Talking with voters, framing issues, raising money.

What’s happening to me and how can it feel so natural?

For the past 20+ years I’ve been an arts administrator. For the past three, I’ve led our state’s arts advocacy organization, Oklahomans for the Arts.

Now, I am running for State Senate in Oklahoma’s District 30.

We focus so much attention on elected officials in arts advocacy. Now I’m striving to become one and it feels like just the right conclusion. I felt pushed off the sidelines into running for office from my experiences advocating for arts and education. We’ve led the nation in state cuts to education, and arts funding has been cut almost 50% in the past eight years.

Marking this more-than-year-long marathon transition, here are some of the ways I’m finding that advocacy compares to and differs from running for office.

Similarities Between Advocacy & Running for Office

Common Good

In both endeavors, my intention has been working for the public good. Whatever the hardships, our state is worth the work.

Whatever the position, I have been committed to making my state better for all. In advocacy, we strive for all Oklahomans to experience and benefit from the arts. In running for office, I hope to build opportunities for all.

Connecting & Activating

In advocacy and running for office, a huge part of the job is connecting with people and mobilizing them to action on their passions. We help realize a government of, by, and for the people.

As advocates, we encourage people’s voices, helping them speak up for their priorities. One-on-one with voters, I prompt this as well by asking voters to articulate what’s important to them. 

Now that I’ve knocked on thousands of doors, I’ve listened to varied concerns, from very local to moral to global. Those voters vary greatly in their knowledge of issues and experience in talking with candidates. Each conversation, whatever the topic and however awkward, seems like a little step forward in civic engagement.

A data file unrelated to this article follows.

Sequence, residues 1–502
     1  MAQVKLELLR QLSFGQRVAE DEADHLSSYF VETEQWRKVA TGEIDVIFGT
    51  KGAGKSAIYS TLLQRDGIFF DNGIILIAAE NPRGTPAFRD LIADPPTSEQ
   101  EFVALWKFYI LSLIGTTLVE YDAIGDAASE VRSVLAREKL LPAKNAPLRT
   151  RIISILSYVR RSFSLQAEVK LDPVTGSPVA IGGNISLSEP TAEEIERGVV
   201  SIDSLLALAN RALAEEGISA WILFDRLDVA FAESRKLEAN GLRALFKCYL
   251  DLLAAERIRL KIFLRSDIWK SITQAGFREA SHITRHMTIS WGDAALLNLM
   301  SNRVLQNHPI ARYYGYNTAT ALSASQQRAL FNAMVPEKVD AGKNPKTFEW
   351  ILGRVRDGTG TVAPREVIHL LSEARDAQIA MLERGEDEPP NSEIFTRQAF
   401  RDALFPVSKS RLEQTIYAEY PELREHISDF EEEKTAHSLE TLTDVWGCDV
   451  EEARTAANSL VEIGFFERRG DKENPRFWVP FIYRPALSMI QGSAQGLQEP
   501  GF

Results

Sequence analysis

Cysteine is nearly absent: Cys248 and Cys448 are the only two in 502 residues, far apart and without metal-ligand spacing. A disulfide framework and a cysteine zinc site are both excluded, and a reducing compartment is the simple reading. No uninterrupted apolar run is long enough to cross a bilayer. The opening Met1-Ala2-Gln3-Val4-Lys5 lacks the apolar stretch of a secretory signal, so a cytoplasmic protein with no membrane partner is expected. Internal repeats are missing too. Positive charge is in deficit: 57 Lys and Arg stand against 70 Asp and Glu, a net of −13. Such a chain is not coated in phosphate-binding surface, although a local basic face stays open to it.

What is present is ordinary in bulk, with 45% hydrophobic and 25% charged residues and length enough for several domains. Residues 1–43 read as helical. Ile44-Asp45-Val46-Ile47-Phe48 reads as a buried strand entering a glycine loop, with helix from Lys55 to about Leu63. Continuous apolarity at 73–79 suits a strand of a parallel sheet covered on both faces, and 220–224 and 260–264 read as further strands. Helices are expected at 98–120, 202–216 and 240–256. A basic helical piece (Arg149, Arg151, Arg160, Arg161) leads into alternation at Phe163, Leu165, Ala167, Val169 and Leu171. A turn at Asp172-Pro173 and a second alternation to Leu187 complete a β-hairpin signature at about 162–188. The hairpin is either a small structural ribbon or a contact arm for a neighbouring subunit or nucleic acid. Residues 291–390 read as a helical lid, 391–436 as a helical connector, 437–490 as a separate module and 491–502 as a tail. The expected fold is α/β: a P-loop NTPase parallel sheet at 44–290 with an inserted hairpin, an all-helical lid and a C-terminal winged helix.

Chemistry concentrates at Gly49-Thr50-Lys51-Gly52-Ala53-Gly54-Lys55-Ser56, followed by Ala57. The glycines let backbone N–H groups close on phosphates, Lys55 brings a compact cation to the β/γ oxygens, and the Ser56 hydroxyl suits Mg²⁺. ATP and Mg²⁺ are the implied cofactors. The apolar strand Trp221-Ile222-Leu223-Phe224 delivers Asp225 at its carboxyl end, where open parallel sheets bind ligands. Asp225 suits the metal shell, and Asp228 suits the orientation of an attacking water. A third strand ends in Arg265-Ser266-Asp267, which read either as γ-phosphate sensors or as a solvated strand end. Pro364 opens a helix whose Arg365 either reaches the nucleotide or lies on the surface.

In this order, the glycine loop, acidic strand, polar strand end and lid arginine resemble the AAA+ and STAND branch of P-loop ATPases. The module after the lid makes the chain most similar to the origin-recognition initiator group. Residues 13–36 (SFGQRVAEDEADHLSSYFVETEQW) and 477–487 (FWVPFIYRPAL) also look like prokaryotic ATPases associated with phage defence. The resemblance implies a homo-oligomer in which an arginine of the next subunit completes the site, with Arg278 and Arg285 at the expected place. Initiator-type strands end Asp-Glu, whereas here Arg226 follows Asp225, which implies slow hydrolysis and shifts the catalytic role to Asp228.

Whether it’s about raising money or recruiting volunteers, each person must feel part of something bigger than themselves. So far, I haven’t seen much difference in that enthusiasm whether it’s someone taking action through advocacy or a candidate they believe in.


Advocacy and running for office both involve deepening understanding of the state. That includes getting to know people, history, patterns, steps forward, and steps backward.

In arts advocacy, we find intersections. No issue exists in a vacuum. We regularly examine how the arts impact rural economic development, health, children’s well-rounded education, and more. And when doing our job well, we find partners, allies, and coalitions.

In campaigning, I walk the diverse neighborhoods of the district, literally knocking on widely varied doors. I try to gain understanding of each person. Their unique lens comes into clearer view, a combination of values and life experiences that frames each issue in new ways. While there are patterns, I find it much harder to generalize after talking to voters one-on-one.  

Rena Detrixhe sifted Oklahoma’s notoriously hard-packed red dirt to create patterned “rugs.” She likened her refining of the dense soil to learning about the state. I find it an apt metaphor to running for office and gaining a granular understanding of constituents. "Red Dirt Rug" (2016), by Rena Detrixhe, installed at Current Studio gallery in Oklahoma City.

Differences Between Advocacy & Running for Office


As a candidate, I’m talking primarily to voters in the district. I am not trying to reach all people, nor am I hearing feedback from those who don’t vote regularly, aren’t registered, or aren’t eligible to vote. Since campaigns have a limited amount of time, I must focus on those people most likely to vote. Of course I would serve all once elected, but for now am not connecting with everyone.

In advocacy, we cast the widest possible net. We are glad to engage and share resources with anyone who has a passion for arts and culture. We would love for them to also vote, but that’s not our mission.


Running for office is partisan. Advocating for the arts is not partisan. 

Running for office has made me more aware how partisan divides grow. Some of them are logistical—different campaign consultants, contributors and primaries.

I am trying to keep my candidacy as separate as possible from my advocacy work, but it’s a small state. One advantage is that we can encourage more voices to speak up for the mission of Oklahomans for the Arts. Fortunately, my board of directors is supportive and we have agreed I’ll continue as director (at least until the election is over).

Overall, I have been amazed by the strength of the arts sector network. So many arts advocates also volunteer in many other areas. They are proactive people!

I encourage my nonprofit and arts colleagues to consider running for office. Your perspectives are needed and you’re more prepared than you know!